Easy, cheap, and a fair selection in any major town: Colombia and Peru. Ridiculously expensive with little selection: Brazil, the three Guianas. Not quite as bad as Brazil: Chile and Uruguay. Argentina was fairly easy but not cheap, but note that Argentina has been through some economic difficulties since I was there so a lot might have changed.

    The key to tire nirvana in South America is to never, ever need a tire in Brazil, French Guiana, Suriname or Guyana.

    I seldom bought tires in Central America--once in Mexico, once in Nicaragua. Selection seemed best in Guatemala, Mexico, maybe Costa Rica or Panama. But basically unless you're prone to hard use or soft, knobby tires, you can probably purchase in the States and make it to Colombia without much difficulty.

    Hope that's helpful.

    Mark
    #6
  7. Airhead Wrangler

    Airhead Wrangler Adios Mexico

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    Leave the states with new long wearing tires and you should make it to Colombia fine. Buy some new ones there and you'll get through Argentina. Done.
    #7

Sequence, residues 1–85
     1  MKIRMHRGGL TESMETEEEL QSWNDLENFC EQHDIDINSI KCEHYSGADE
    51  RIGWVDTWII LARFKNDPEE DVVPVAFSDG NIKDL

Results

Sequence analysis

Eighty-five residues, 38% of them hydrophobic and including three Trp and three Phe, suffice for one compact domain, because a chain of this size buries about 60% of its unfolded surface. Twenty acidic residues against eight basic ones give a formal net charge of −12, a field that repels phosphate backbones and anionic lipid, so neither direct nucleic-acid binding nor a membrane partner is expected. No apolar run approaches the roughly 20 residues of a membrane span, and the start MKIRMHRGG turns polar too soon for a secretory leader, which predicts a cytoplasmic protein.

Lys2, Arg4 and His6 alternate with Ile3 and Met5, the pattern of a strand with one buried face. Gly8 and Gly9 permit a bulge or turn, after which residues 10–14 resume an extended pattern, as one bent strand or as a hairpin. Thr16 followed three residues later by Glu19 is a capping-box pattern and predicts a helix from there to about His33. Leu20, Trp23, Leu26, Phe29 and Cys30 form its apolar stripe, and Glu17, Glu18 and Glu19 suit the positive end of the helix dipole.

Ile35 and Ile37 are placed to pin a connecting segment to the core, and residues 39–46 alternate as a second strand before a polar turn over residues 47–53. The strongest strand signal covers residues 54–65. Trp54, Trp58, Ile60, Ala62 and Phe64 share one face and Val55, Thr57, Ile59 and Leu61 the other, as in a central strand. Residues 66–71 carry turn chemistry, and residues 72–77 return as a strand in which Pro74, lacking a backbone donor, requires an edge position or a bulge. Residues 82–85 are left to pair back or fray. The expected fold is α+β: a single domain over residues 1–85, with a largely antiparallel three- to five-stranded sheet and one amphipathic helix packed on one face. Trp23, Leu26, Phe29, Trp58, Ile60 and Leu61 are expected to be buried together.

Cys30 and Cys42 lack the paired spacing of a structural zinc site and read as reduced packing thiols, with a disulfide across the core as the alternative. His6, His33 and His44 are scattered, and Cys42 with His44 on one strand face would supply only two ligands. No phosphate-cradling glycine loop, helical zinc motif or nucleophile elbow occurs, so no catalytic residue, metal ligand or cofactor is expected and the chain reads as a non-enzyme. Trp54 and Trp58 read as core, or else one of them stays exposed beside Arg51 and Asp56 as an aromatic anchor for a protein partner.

8. Misery Goat

    Misery Goat Positating the negative Super Moderator

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    21" tires can be bought all day long just about anywhere in LA.

    18" 140/80 can be found but take more effort.
    #8
  9. Kiko

    Kiko Long timer

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    Your trip will go a lot smoother if you are willing to accept what is available rather than to get real picky about brands, etc. It is like the saying, 'If you can't change the world, then change yourself'
    #9
  10. TeeVee

    TeeVee His mudda was a mudda!

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    so you're disagreeing with me for the sake of what? 130-17's are NOT 18" tires so who really cares if 17's are available?

    and 21's are available everywhere, where? re-read my response, a bit more carefully.

    p.s. his bike has an 18" rear
    #10
  11. Throttlemeister

    Throttlemeister Long timer

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    really:huh
    #11
  12. El Stigo

    El Stigo Hey Ese its EL STIGO

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    ANYWHERE BETWEEN THE US, MEXICO & WHO KNOWS
    Adventure Cartel has very good prices on HEIDENAU & BRIDGESTONE. With METZELER & PIRELLI coming soon.

    Write to adventurecartel@gmail.com

    EL Stigo
    :jose
    #12
  13. TeeVee

    TeeVee His mudda was a mudda!

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    fixed. it was the 18" vs. 17" that was at issue.
    #13
  14. markharf

    markharf Been here awhile